Sonam Kapoor had supported Tanushree Dutta when she spoke up about being sexually harassed by Nana Patekar on the sets of Horn Ok Pleassss. Now, the Neerja actor has penned her views on the #MeToo movement. Sonam, as the guest editor for Thrive Global India's online portal, has written a blog in which she has spoken about the movement categorising it in different segments.
Sonam started her blog by talking about her family. She wrote, “The women in my family have been trailblazers. They are empowered, vocal and undismissible. It’s perhaps why my mother recently shared the following quote with me: When you have a lot, instead of building higher walls, build a bigger table. I am privileged that I did not grow up with relatives for whom off-handed sexist remarks were the dinner table norm. Or where women were asked to shut up and look down.”
The Prem Ratan Dhan Payo actor has requested people to believe what the survivors are saying. She strongly wrote, “Yes, a person is innocent until proven guilty but must it come at the cost of rejecting a survivor’s account? Defenders of the status quo will try their utmost to discredit women's stories and undermine this movement. Misogynists will blame the victims, powerful men will deploy powerful legal teams to intimidate their accusers, and some will use this movement for their own gains with false claims. While people must be treated as innocent until proven guilty, we need to remember that women are taking on incredible personal risk and trauma to tell their stories. We owe them, at the least, our trust and support.”
Sonam stated that there’s a need for a near total mental reboot. She wrote, “Mothers must stop treating their sons like they’re precious gifts from God. We have powerful people in our country who are women but our mentality continues to be that menstruating women—or women at large—shouldn’t enter temples.”
“What we need is an entire mental reboot. A shift in mindset which acknowledges that sons and daughters should not be treated differently. That you don’t have to give your daughter away. Most likely, she’ll walk the road herself and will, more often than not, turn around to come AND care for you when you’re old,” she added.
The Khoobsurat actor has also written about consent, giving a clear picture of what exactly it means. She wrote, “Consent can never be silent. Any person must seek permission before touching another person. If it’s a no, then it’s an unequivocal no. If it’s a maybe, then it’s still a no. Only if it’s a resounding, enthusiastic yes, is it a yes. When a situation involves a boss and a subordinate or a person with more power—literally and metaphorically—than the other, it’s the person with power who has the responsibility to be extra cautious.”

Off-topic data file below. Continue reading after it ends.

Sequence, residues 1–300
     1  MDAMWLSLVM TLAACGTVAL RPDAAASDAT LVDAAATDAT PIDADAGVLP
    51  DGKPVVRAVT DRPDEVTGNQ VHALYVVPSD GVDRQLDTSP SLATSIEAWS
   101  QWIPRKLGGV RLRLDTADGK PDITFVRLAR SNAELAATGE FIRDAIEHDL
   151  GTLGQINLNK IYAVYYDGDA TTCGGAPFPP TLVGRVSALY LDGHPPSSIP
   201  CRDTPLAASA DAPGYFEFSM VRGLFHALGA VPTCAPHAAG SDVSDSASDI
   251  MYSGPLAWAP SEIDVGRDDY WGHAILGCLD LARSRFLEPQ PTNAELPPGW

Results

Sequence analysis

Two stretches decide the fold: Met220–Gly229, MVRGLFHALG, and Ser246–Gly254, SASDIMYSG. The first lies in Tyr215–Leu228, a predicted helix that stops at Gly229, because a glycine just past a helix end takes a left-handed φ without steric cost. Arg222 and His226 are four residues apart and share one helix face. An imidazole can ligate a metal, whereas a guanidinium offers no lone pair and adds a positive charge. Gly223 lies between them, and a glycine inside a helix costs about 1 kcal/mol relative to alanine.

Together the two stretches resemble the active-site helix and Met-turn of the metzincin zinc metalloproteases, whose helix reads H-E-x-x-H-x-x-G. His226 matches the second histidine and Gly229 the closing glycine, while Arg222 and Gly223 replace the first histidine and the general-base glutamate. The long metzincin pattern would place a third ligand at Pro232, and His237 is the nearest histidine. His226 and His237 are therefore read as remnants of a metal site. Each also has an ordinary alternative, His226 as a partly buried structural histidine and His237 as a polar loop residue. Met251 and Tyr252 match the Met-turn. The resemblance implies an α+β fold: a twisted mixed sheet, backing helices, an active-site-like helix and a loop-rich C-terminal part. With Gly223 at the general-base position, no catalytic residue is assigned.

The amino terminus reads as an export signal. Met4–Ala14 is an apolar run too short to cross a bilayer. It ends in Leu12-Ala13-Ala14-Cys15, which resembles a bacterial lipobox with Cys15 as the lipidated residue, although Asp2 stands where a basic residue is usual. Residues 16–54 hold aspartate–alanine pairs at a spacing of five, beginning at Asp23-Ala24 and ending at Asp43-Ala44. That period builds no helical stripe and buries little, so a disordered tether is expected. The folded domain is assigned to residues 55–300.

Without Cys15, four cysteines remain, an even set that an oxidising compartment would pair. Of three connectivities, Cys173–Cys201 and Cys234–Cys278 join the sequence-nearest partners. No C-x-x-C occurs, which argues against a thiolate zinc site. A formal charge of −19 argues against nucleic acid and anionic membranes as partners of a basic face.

Sonam, without being hesitant, has written that people at a position like hers should speak up and take sides. “I believe that people in every industry—not just Bollywood—need to speak up. People in positions like mine should speak up. While I understand that it’s not everyone’s job to preach change, it’s pivotal that you do. Your fame has earned you this platform and you cannot wash your hands off the responsibility that comes with it. If you are silent and don’t take sides then you are, I am afraid, on the side of the person who is wrong. Always take sides.”
Sonam wrote that she pledges not to work with the alleged predators, “There’s also fear of losing assignments and jobs you’ve worked hard to get, but today, after the courage Tanushree Dutta has exhibited, let there not be any open secrets in any industry anymore. I pledge to never endorse or work with individuals proven to be predatory and guilty.”
One of the strongest points Sonam made was about sexist jokes and we agree with her. “As Indians, we tend to laugh at inappropriate jokes out of politeness. It’s not funny, it has never been funny. Roasts, for example, are not funny. It’s not okay to make sexist, homophobic, racist jokes in an environment which is rife with sexism and discrimination.”
Sonam urges everyone to stop labelling people by sharing an experience of her friend. “A friend of mine didn’t want to speak about her experience because she was concerned about how people would label her. ‘I’ll be labelled a victim or a survivor for the rest of my life,’ she told me. ‘Every interview I’ll ever do will be about what I faced and I don’t want that.’ I respect that she has made that choice but there’s a lesson lurking here for all of us: We need to move away from labels.”
She further writes that women should be empowered at workplaces, “Women shouldn’t be hired for tokenism but be empowered to take up key roles where they make decisions. It is, however, reflective of our society that despite having women leaders (and, of course, the Goddesses whom we pray to) our women are discriminated against, have neither equal opportunities or rights, and are mutilated, sexually harassed, raped and killed.”
Sonam ended her blog on a very important note that the #MeToo movement should not be bracketed as men vs women. “Finally, a word of caution: Each one of us, as a supporter of the #MeToo movement, must be with survivors regardless of their gender. It’s the bracketing of this movement as men v/s women that can weaken the powerful punches survivors have landed on our superficially inclusive workplaces. In a society where women are complicit in perpetuating misogyny, it shouldn’t be about women v/s men.”